New rules to help credit card customers 'break cycle of persistent debt'

New rules for credit card companies should save customers up to £1.3 billion per year in lower interest charges, the City regulator has said.

Some people sitting in debt for a long period could ultimately face their credit card being suspended if they do not change their repayment pattern.

In some cases when people are in persistent debt, charges may be reduced or waived.

The Financial Conduct Authority (FCA) set out the regulations as it published its final policy statement on new rules for the credit card market, to give more protection for credit card customers in persistent debt or at risk of financial difficulties.

Christopher Woolard, director of strategy and competition at the FCA, said: "Under these new rules firms will have to help customers to break the cycle of persistent debt and ensure customers who cannot afford to repay more quickly are given help."

Customers in persistent debt pay on average around £2.50 in interest and charges for every £1 that they repay of their borrowing, the FCA said.

It said that, for example, someone borrowing £3,000 on a credit card with an APR of 19% and only making minimum repayments starting at £74 per month and reducing over time could take 27 years and seven months to pay it off. The interest paid would be £4,192.

It is estimated there are more than three million credit cardholders with four million accounts in persistent debt and firms have few incentives to help these customers because they are profitable, according to the regulator.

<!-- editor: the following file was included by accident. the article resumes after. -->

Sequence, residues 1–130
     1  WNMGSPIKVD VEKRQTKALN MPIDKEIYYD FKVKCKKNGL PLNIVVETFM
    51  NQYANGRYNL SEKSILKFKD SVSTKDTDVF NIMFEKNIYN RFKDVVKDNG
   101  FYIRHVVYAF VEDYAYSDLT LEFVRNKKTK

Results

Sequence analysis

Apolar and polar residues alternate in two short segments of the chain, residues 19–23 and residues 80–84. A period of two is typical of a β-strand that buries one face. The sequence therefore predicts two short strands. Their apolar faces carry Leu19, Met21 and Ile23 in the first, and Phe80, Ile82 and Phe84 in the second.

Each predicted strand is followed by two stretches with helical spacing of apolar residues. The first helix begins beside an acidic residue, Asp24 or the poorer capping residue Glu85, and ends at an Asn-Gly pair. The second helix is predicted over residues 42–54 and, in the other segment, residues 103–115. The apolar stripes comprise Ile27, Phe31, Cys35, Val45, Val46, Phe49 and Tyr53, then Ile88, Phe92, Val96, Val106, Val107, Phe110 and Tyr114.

The new rules will mean firms must take a series of escalating steps to help customers who are making low repayments over a long period, starting when the customer has been in persistent debt over 18 months.

After this time, firms need to contact customers prompting them to change their repayment and informing them their card may ultimately be suspended if they do not change their repayment pattern.

Once a consumer has been in persistent debt for 36 months, their provider will have to offer them a way to repay their balance in a reasonable period.

If they are unable to repay the firm must show the customer forbearance. This may include reducing, waiving or cancelling any interest, fees or charges.

The FCA estimates the changes will save consumers between £310 million and £1.3 billion a year in lower interest charges.

The new rules come into force on Thursday March 1, but firms have until September 1 to comply.

The changes follow a study which analysed the accounts of 34 million credit card customers over a period of five years, and surveyed nearly 40,000 consumers.

Credit card firms have also agreed to voluntary measures, which will give customers control over increases to their credit limit.

Under the measures agreed by credit card firms customers can opt out from receiving automatic credit limit increases.

Customers in persistent debt for 12 months will not be offered credit limit increases - which should result in around 1.4 million accounts per year not receiving such offers - the FCA said.

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